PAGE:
To_list : [1.; 1.; 1.; 1.; 1.; 1.; 1.; 1.; 1.; 1.; 1.; 1.]                          Sort : ()                         

failure (1 tests failed, 0 tests errored, ran 1 tests)

The produced counterexample shows that from a float array with all 1.0-entries, if one sets entry 8 to, e.g., -327818.639845 and then proceeds to sample the array contents with a To_list call in parallel with executing a mutating call to Sort, we may experience unexpected behaviour: The To_list result indicates no -327818.639845 entry! This illustrates and confirms that OCaml arrays and Float.Array in particular are not safe to use in parallel without coordinated access, e.g., with a Mutex.

Lowering Model-Requirements With Lin

One may rightfully point out that developing an STM model takes some effort. This inspired us to develop a simpler library Lin, requiring substantially less input from its end user. Lin also tests a property by performing and recording the output of a Y-shaped parallel run like STM. However, it does so by trying to consolidate the outcome against some sequential run of the tested system, by performing a search over all possible cmd interleavings. In effect, Lin thus reuses the tested system as a "sequential oracle".

Here is the complete code for a corresponding Float.Array example, now using Lin:

module FAConf =
  type t = Float.Array.t
  let array_size = 12
  let init () = Float.Array.make array_size 1.0
  let cleanup _ = ()

  open Lin
  let int = int_small
  let api = [
    val_ "Float.Array.to_list" Float.Array.to_list        (t @-> returning (list float));
    val_ "Float.Array.sort"    Float.(Array.sort compare) (t @-> returning unit);
    val_ "Float.Array.set"     Float.Array.set            (t @-> int @-> float @-> returning_or_exc unit);

Just as with STM, Lin needs to be told the type t of the system under test, how to initialise it with init, and how to clean up after it with cleanup. Finally, we describe the type signatures of the tested system with a combinator-based DSL in the style of OCaml's ctypes library. In the to_list case, the input is pretty close to the signature to_list : t -> float list from the Float.Array signature. In the sort case, we test the result of passing the Float.compare function. Finally, in the set case, the returning_or_exc combinator expresses that an out-of-bounds exception may be raised.

Based on the above, we can now create and run our qcheck-lin test as follows:

module FA_Lin_dom = Lin_domain.Make(FAConf)
let () =
    [FA_Lin_dom.neg_lin_test ~count:1000 ~name:"Lin Float.Array test with Domain"]

The result of the Lin_domain.Make functor offers both lin_test for a positive test of sequential consistency and neg_lin_test as we use here for a negative test, confirming absense of sequential consistency with a counterexample:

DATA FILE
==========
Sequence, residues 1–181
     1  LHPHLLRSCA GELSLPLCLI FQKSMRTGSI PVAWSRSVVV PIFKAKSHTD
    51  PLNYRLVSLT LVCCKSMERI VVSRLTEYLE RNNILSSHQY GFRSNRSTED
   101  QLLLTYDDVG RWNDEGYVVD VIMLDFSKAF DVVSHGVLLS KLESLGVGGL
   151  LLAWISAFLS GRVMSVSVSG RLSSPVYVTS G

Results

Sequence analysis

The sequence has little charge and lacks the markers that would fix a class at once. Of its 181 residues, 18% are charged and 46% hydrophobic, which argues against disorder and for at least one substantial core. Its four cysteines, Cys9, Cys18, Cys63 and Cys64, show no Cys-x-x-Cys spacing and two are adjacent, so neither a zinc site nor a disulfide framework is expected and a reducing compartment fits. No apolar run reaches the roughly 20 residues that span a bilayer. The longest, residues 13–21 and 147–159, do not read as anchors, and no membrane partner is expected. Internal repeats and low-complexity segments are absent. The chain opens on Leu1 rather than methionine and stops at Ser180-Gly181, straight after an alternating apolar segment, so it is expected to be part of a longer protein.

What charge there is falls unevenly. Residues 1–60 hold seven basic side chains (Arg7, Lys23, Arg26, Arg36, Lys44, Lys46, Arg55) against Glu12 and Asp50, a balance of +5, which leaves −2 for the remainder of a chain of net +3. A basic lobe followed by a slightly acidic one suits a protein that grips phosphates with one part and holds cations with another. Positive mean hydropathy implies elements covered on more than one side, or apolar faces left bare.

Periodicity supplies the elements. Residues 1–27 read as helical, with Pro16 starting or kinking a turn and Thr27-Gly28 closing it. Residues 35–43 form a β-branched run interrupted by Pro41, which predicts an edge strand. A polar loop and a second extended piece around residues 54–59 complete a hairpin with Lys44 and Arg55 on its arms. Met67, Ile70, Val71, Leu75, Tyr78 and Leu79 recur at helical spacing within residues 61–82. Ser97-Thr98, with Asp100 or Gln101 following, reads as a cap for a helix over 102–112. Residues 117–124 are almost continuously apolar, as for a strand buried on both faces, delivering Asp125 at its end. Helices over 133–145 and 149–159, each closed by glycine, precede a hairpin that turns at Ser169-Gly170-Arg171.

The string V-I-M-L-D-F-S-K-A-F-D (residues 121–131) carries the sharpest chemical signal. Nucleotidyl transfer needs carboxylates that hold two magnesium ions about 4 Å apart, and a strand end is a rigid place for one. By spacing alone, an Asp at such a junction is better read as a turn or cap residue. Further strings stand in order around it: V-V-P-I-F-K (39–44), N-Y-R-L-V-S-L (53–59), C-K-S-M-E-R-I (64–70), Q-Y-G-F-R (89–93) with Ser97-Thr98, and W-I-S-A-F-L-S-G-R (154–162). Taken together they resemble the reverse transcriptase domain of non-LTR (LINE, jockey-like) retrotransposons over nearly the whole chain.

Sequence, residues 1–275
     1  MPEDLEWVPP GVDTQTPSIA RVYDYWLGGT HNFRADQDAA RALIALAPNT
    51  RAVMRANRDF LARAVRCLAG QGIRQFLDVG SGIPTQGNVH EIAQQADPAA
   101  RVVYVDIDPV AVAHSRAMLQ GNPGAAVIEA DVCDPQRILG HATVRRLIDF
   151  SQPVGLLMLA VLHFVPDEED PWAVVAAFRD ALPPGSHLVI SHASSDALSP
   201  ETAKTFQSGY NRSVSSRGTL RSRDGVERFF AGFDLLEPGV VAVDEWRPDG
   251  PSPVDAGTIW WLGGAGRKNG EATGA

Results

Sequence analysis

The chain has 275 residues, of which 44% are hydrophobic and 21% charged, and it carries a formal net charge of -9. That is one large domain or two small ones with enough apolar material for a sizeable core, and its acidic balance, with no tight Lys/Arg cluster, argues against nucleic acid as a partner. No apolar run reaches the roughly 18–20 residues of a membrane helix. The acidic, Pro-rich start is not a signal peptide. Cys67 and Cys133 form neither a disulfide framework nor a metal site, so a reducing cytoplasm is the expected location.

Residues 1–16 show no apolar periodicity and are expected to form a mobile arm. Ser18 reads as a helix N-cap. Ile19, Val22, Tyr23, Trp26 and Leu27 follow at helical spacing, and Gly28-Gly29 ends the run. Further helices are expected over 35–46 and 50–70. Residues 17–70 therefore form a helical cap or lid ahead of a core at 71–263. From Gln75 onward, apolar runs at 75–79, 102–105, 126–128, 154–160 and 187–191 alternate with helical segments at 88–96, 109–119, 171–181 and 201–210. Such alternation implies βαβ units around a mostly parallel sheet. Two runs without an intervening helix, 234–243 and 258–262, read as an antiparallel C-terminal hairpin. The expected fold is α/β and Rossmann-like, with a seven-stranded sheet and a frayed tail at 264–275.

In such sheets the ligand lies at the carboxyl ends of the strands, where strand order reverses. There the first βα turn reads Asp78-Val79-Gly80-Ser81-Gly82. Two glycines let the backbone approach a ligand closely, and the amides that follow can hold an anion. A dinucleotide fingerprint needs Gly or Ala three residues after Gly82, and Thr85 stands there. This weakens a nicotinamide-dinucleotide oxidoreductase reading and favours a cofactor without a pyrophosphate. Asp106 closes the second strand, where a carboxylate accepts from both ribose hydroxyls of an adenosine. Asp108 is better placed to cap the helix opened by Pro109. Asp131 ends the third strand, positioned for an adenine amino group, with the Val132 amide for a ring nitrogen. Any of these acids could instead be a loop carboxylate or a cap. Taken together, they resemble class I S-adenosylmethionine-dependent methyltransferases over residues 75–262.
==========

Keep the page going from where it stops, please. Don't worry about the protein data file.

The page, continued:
random seed: 349336243
generated error fail pass / total     time test name
[✓]    2    0    1    1 / 1000     1.1s Lin Float.Array test with Domain

--- Info -----------------------------------------------------------------------

Negative test Lin Float.Array test with Domain failed as expected (27 shrink steps):

                            Float.Array.set t 0 111.772797434
                          |                                  |                
                Float.Array.to_list t               Float.Array.sort t        

+++ Messages ++++++++++++++++++++++++++++++++++++++++++++++++++++++++++++++++++++

Messages for test Lin Float.Array test with Domain:

  Results incompatible with sequential execution

                                                                              Float.Array.set t 0 111.772797434 : Ok (())                          
                                                   |                                                                                               |                                               
     Float.Array.to_list t : [111.772797434; 1.; 1.; 1.; 1.; 1.; 1.; 1.; 1.; 1.; 1.; 111.772797434]                                     Float.Array.sort t : ()                                    

success (ran 1 tests)

Note how the above result is a passing test, which found a counterexample in the second attempt: 2 generated, 1 pass, 1 fail. After shrinking, the resulting shape is similar to the one found by STM. The details differ from run to run, reflecting the non-determinism of the tested program. The output this time illustrates how the non-1.0 entry 111.772797434 can unexpectedly show up twice in a result from to_list, again illustrating how Float.Array is unsafe to use in parallel.

Growing a Test Suite

Over time we have developed a growing test suite, which includes tests of (parts of) Array, Atomic, Bigarray, Buffer, Bytes, Dynlink, Ephemeron, Hashtbl, In_channel, Out_channel, Lazy, Queue, Semaphore, Stack, Sys, and Weak from OCaml's Stdlib in addition to the above-mentioned Float.Array test.

Not everything fits into the STM and Lin formats. To stress-test the new runtime's primitives underlying the Domain and Thread modules, we have developed separate ad-hoc property-based tests of each of these, as well as a property-based test of their combination.